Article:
May 7, 2022 Russia-Ukraine news

By Adrienne Vogt, Meg Wagner, Jessie Yeung, Andrew Raine, Rob Picheta, Kathryn Snowdon and Amarachi Orie, CNN

Updated 12:01 a.m. ET, May 8, 2022
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11:54 p.m. ET, May 6, 2022

UN World Food Programme calls for reopening of Odesa ports to help rein in global hunger crisis

From CNN’s Masha Angelova

Silos and containers on the dockside at the Port of Odesa on March 17.
Silos and containers on the dockside at the Port of Odesa on March 17. (Nathan Laine/Bloomberg/Getty Images)

The UN World Food Programme (WFP) has called for the reopening of ports in the southern Ukrainian city of Odesa to help rein in the global hunger crisis.

The ports in Odesa and other Ukrainian Black Sea ports have been blocked because of the war, leaving millions of metric tons of grain sitting in silos.

Ukraine is a major breadbasket for countries in the Middle East and North Africa that depend on imports; in the eight months before the war began, almost 51 million metric tons of grain transited through Ukraine's Black Sea ports, said the WFP in a news release on Friday.

If the ports don't reopen, “mountains of grain” will go to waste, while “WFP and the world struggle to deal with an already catastrophic global hunger crisis,” said the release.

“Right now, Ukraine’s grain silos are full. At the same time, 44 million people around the world are marching towards starvation. We have to open up these ports so that food can move in and out of Ukraine. The world demands it because hundreds of millions of people globally depend on these supplies,” said WFP Executive Director David Beasley.

At the start of 2022, 276 million people were already facing acute hunger. That number is expected to rise by another 47 million people if the war in Ukraine continues, according to the agency’s analysis.

The United States and Europe will feel the pain, too, with increasing prices for important agricultural goods.

4:11 a.m. ET, May 7, 2022

The US walks a fine line with intelligence sharing in Ukraine

From CNN's Katie Bo Lillis, Jeremy Herb and Zachary Cohen

Two months into Russia's war in Ukraine, the Biden administration has increased the amount of intelligence it shares with Kyiv, contributing to successful strikes against senior Russian leaders and the Russian Navy's flagship, the Moskva, sources familiar with the intelligence sharing tell CNN.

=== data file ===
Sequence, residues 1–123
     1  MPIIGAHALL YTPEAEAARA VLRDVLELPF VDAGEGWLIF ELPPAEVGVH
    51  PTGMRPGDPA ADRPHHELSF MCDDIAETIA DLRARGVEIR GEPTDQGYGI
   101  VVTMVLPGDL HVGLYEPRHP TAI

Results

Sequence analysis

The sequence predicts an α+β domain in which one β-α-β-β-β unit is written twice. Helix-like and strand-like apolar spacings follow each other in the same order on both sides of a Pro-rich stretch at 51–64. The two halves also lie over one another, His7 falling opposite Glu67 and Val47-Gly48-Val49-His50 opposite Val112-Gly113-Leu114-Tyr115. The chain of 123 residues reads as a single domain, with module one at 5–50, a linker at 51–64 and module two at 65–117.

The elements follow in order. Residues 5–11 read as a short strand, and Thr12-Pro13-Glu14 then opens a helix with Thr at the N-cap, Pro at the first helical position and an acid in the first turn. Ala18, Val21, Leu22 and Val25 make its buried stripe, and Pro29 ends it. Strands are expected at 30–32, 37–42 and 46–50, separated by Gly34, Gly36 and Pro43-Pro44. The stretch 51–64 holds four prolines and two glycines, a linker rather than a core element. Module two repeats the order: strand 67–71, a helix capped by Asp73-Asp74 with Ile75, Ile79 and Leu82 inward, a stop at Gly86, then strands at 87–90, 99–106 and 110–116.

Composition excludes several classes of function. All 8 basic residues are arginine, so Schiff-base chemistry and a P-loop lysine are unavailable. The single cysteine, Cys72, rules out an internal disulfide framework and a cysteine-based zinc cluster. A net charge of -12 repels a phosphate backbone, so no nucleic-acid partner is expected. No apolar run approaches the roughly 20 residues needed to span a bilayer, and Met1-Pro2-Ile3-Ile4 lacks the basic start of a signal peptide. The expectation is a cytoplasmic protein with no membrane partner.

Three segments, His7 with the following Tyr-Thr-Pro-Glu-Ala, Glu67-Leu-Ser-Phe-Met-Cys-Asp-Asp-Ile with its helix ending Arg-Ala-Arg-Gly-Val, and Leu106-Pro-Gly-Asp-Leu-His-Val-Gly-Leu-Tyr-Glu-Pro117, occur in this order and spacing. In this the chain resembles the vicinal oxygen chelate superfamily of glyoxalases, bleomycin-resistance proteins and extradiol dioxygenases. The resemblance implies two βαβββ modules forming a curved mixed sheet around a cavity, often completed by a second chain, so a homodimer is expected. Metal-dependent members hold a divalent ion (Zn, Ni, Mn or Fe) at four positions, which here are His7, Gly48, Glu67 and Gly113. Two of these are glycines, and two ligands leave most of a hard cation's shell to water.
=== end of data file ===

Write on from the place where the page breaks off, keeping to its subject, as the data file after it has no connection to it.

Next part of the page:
Images emerged early Monday, April 18, on social media showing Russia's guided-missile cruiser, the Moskva, badly damaged and on fire in the hours before the ship sunk in the Black Sea.
Images emerged early Monday, April 18, on social media showing Russia's guided-missile cruiser, the Moskva, badly damaged and on fire in the hours before the ship sunk in the Black Sea. (From Social Media)

But the effort raises questions about how far the White House is willing to go to help Ukraine fight the Russians while also trying to avoid provoking Moscow and getting drawn into the conflict.

Administration officials insist there are clear limits on the intelligence it shares with Ukraine, including a ban against providing precision targeting intelligence for senior Russian leaders by name, part of a White House effort to avoid crossing a line that Moscow may view as too escalatory.

Yet some current and former officials have suggested that the limits the Biden administration have drawn are arbitrary, in part because the end result is the same -- Ukrainian strikes that kill senior Russian leaders. On top of that, any US assessment of what actions might provoke Moscow depends on the thinking of just one man, Russian President Vladimir Putin.